A lot happens when you observe a user during a usability test.

There’s the interface, the utterances, the body language and the metrics.

This rich experience can result in a long list of usability issues.

Issues can range from cosmetic (a user finds the type in ALL CAPS a bit much) to catastrophic (data loss), suggestions (a new feature) or positives (finding defaults helpful).

These usability issues should be described and usually accompanied by a screen shot or short video clip to illustrate their impact.  But don’t stop there. Usability issues should be converted into a user by problem matrix.

User by Problem Matrix

A user by problem matrix organizes all the issues found by users.  Issues include problems, suggestions and positives but we still call it a problem matrix because most issues are usually problems.

An example of a user by problem matrix is shown below from an evaluation of the Enterprise Rental Car website.

Figure 1: A User by Problem matrix for renting a car on Enterprise.com. This is not a QR code.

The users are numbered on the Y axis and the issues have each been given a number.  Each black square represents which user encountered which problem.  You can compute such matrices by task or across tasks for the whole usability test.

For this particular task, we observed 30 users encountering 28 unique issues while attempting to rent a car.  We sort our problem matrices with the most frequent occurring problems on the left and users having the most problems on top. This gives the most problem density in the upper left corner.

A User by Problem matrix provides :

  1. Frequency by Problem: For example, the most common problem (far left) involved users having trouble adding a GPS navigation to their rental (they had to do it after they entered their personal details). This problem impacted 24 out of 30 users (80%).  We can be 95% confident between 62% and 91% of ALL users would also have this problem.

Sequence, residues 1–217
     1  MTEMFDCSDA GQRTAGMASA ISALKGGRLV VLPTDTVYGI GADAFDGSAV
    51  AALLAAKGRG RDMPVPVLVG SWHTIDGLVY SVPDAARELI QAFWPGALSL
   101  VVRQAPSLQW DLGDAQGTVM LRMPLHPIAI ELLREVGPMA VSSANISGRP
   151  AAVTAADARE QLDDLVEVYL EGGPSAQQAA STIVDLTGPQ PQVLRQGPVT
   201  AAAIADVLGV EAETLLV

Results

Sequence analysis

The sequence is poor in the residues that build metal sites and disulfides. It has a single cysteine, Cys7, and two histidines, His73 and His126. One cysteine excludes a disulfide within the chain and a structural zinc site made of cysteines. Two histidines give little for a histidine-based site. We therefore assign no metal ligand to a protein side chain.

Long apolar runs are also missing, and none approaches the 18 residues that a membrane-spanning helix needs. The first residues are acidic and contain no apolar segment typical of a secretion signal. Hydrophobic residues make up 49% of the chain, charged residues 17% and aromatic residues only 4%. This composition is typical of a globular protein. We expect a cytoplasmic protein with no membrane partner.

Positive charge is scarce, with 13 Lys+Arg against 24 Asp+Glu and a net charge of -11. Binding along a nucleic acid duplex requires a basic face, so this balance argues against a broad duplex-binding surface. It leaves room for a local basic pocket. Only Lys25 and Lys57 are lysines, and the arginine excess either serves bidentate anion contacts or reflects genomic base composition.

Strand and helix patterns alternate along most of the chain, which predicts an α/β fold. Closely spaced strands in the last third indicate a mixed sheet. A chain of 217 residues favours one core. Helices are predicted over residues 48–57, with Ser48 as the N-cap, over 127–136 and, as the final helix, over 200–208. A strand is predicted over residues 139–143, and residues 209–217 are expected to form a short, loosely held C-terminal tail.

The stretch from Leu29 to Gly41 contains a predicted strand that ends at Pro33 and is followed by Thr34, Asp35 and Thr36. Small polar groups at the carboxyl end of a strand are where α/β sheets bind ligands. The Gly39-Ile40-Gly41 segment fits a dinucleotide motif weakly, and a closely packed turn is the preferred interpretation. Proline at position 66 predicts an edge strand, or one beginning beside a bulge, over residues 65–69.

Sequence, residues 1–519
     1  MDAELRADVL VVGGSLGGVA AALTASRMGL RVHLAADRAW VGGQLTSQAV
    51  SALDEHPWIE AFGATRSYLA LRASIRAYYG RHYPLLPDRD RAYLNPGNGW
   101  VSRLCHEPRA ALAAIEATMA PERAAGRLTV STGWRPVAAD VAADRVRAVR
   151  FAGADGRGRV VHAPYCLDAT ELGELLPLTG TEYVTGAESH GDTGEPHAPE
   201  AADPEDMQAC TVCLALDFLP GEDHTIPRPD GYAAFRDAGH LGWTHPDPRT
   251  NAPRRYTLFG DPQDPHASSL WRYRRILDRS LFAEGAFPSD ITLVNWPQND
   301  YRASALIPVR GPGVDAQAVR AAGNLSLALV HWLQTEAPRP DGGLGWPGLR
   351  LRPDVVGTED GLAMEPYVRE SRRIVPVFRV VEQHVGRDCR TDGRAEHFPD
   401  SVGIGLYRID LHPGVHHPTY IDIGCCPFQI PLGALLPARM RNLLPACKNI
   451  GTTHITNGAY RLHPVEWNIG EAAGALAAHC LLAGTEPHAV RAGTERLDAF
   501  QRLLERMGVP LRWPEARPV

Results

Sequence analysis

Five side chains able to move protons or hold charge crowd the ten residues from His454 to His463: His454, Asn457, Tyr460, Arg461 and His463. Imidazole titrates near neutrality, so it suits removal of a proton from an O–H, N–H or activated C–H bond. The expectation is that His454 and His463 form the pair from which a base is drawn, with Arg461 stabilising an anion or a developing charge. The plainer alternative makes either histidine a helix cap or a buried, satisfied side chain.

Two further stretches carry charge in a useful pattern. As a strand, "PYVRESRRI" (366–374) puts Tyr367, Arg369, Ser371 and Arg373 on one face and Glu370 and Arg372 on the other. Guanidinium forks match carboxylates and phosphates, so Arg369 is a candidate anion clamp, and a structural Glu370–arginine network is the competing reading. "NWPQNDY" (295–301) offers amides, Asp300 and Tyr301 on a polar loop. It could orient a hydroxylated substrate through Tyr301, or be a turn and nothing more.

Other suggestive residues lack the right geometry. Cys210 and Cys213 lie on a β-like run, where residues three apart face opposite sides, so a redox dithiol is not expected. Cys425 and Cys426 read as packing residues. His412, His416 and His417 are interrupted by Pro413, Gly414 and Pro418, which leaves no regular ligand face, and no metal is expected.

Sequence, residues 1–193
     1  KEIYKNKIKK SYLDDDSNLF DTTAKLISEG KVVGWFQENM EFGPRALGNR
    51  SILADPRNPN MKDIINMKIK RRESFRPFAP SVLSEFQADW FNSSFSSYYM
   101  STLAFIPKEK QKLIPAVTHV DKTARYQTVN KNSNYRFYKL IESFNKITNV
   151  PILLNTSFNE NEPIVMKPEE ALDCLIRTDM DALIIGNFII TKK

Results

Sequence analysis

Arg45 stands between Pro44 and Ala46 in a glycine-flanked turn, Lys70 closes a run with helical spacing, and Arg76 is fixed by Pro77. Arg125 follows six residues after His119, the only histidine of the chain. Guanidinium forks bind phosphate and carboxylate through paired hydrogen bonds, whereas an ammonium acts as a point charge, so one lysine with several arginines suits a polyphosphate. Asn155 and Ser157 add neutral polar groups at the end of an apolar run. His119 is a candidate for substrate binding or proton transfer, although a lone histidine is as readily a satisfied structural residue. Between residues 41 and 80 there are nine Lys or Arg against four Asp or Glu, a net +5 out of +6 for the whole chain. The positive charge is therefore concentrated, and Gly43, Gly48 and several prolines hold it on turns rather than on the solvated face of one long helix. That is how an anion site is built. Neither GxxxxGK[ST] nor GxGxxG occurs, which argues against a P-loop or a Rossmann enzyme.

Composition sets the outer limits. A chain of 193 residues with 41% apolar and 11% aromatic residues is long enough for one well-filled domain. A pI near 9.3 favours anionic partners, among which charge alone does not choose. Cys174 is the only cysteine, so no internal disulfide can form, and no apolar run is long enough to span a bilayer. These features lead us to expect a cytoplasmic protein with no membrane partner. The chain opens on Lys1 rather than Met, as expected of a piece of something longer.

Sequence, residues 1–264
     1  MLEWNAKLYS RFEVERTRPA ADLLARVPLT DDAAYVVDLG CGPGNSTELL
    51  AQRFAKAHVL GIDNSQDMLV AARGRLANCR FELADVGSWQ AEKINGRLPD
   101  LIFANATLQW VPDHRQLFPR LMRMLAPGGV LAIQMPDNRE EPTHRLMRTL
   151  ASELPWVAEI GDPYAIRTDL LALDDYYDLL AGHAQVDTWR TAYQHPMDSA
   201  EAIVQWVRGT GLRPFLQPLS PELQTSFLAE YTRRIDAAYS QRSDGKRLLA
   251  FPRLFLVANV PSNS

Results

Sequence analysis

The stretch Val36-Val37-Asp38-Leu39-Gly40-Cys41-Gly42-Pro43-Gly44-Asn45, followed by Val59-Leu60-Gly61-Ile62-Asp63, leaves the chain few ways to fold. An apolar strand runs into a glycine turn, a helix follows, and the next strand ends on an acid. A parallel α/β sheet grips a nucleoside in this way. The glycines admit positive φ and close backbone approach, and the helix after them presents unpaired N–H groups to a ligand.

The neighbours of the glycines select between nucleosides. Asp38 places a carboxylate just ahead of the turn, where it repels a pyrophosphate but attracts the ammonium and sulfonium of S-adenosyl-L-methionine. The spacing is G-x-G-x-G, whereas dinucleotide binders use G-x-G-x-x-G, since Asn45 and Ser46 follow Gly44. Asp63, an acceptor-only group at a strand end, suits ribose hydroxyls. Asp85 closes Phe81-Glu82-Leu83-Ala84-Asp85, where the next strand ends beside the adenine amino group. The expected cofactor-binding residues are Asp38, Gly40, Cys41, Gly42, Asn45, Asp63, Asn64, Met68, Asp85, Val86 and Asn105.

2. Frequency by User:  The first user in the matrix encountered 9 of the 28 problems (32%) while user 28 encountered only 1 problem (3%) and users 29 and 30 encountered no problems while renting the car.
  3. Problems that affected only one user (the long tail of usability problems): The last nine problems were encountered by only a single user (3%).
  4. The average problem frequency: By averaging together the problem frequencies we get a sense of how common problems are. For this task, the average adjusted problem frequency is 12%, meaning users have about a 12% chance of encountering a usability problem given this task scenario. Technical Note: See the discussion on why and how to adjust Average Problem Frequencies.
  5. The percent of problems likely discovered: Given the total number of problems and the total number of problems encountered only once after observing 30 users we’ve seen about 97% of problems for this task, interface and type of user. See Chapter 7 of Quantifying the User Experience and the calculator for how to compute this figure as well as discussion on the limitations of this approach.

Problem matrices illustrate the point that some problems affect a lot of users and are quickly revealed with just the first 2-3 users. Other problems, which can have just as large an impact, are often less common and don’t show up until you’ve tested more users.

You can also compare problem matrices. The following image shows four matrices for two tasks on two different rental car websites: Enterprise and Budget.

Figure 2: User by Problem matrices and average problem occurrences (P) for two tasks and two rental car websites.

For renting a car, Enterprise had an adjusted average problem frequency of 12% compared to Budget’s 9% for the same task.  For finding the nearest rental location for a specified address the average problem frequency was 15% for Enterprise and 7% for Budget.

For both tasks, Enterprise had a higher frequency of usability problems and this was reflected in the lower task completion rates, longer task times and lower satisfaction scores we recorded in the comparative usability evaluation.

Taking that additional step of converting long lists of usability problems into a more numeric and visually digestible format provides both more clarity and credibility to usability testing.

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